The two most important things a new dog trainer can learn how to accomplish with their dogs are:
They need to learn how to get and maintain “ENGAGEMENT”
They need to teach “GENERALIZATION” as it relates to commands.
Engagement simply means your dog wants to be with you and he wants what you have (I. E a toy; a piece of food; or handler praise).
If dog trainers don’t have engagement how are they suppose to get a dog to pay attention; how can they train their dog to do anything if the dog doesn’t want to be with them. If a dog doesn’t want what the trainer has how is he suppose to motivate a dog to perform a behavior (follow a command)?
Without engagement, the only way anyone can get a dog to do something is to FORCE that dog to do what you want it to do. That’s exactly what dog trainers like myself did 10 to 12 years ago. I started training dogs in the late 1990’s. It wasn’t pretty but we didn’t know any better.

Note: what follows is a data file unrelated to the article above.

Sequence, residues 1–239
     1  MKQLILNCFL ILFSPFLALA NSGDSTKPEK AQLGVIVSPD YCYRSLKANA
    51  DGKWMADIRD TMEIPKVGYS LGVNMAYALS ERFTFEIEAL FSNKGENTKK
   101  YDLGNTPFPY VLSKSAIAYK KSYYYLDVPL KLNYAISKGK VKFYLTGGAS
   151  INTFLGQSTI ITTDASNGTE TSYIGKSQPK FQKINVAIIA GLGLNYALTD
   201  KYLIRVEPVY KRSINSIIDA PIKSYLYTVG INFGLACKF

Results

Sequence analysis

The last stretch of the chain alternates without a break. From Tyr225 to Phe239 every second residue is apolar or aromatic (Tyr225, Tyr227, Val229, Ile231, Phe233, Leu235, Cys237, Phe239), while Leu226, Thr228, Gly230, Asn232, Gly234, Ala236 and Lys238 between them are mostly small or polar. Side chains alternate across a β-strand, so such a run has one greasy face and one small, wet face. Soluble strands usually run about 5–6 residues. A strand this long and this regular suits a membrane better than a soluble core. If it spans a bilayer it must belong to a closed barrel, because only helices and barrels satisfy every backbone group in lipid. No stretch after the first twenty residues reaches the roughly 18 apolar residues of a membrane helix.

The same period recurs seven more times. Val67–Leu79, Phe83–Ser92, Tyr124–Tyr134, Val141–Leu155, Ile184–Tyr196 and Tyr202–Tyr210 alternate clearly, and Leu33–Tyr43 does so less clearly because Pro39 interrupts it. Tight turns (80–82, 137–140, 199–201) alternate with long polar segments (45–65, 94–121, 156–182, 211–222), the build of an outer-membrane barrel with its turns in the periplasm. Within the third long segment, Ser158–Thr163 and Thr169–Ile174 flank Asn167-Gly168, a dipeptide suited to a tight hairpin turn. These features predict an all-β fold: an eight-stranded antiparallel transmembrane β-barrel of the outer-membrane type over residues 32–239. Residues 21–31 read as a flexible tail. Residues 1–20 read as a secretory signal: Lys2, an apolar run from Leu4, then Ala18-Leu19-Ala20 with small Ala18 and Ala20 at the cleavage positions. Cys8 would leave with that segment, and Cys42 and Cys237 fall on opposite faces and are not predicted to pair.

Generalization simple means once a dog has learned the meaning of a command he will perform that command in any location and under distraction.
An example of a dog that has not yet generalized a command is often seen when a dog owner learns that they can teach their dog a behavior in their kitchen but the minute their dog is taken out of the kitchen it seems to forget everything its learned. That’s because the dog has not generalized the command.
A dog has not generalized a SIT command when it will SIT in the kitchen or SIT in the garage but will not SIT when friends come over. A dog has not generalized the DOWN command when it will down on its rug in your living room but will not down in your yard when a neighbor is walking his dog past your house.
I have been training dogs since the 1990’s. It’s taken a long time and learning many failed training methods to settle into a system of dog training that consistently produces dogs that are engaged with me and dogs that generalize the work I am trying to teach them.
We call this Marker Training. It has evolved into mainstream dog training here in America since the early 1990’s.